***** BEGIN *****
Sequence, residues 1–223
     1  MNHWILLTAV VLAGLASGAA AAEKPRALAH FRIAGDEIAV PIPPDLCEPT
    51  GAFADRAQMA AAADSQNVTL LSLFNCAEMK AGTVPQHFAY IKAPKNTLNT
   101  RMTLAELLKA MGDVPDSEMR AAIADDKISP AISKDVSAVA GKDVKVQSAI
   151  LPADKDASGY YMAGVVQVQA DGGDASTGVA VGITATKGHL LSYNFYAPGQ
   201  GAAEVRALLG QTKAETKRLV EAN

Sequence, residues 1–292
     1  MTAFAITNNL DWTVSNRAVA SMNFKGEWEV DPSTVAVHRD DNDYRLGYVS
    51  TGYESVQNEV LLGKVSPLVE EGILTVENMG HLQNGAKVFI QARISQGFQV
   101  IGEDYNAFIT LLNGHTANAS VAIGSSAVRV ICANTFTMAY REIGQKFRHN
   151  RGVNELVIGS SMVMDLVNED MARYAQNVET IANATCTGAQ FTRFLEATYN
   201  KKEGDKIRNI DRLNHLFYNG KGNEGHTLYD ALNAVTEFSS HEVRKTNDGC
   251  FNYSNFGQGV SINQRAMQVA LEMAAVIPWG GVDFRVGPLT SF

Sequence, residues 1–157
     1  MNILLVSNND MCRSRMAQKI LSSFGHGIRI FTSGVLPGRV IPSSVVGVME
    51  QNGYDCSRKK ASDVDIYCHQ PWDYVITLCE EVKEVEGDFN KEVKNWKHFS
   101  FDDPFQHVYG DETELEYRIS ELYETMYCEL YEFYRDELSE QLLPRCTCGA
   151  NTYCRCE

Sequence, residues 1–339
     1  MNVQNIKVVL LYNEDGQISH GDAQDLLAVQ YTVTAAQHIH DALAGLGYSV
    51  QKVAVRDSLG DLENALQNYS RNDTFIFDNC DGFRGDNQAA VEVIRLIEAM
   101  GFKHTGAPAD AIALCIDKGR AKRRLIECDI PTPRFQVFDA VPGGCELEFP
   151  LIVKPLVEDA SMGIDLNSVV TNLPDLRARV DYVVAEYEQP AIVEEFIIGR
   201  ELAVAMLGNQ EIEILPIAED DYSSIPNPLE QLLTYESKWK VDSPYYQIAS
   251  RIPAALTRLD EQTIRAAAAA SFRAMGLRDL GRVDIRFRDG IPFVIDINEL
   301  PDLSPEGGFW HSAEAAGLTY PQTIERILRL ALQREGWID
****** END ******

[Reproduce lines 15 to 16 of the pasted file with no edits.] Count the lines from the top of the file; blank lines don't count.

     1  MNILLVSNND MCRSRMAQKI LSSFGHGIRI FTSGVLPGRV IPSSVVGVME
    51  QNGYDCSRKK ASDVDIYCHQ PWDYVITLCE EVKEVEGDFN KEVKNWKHFS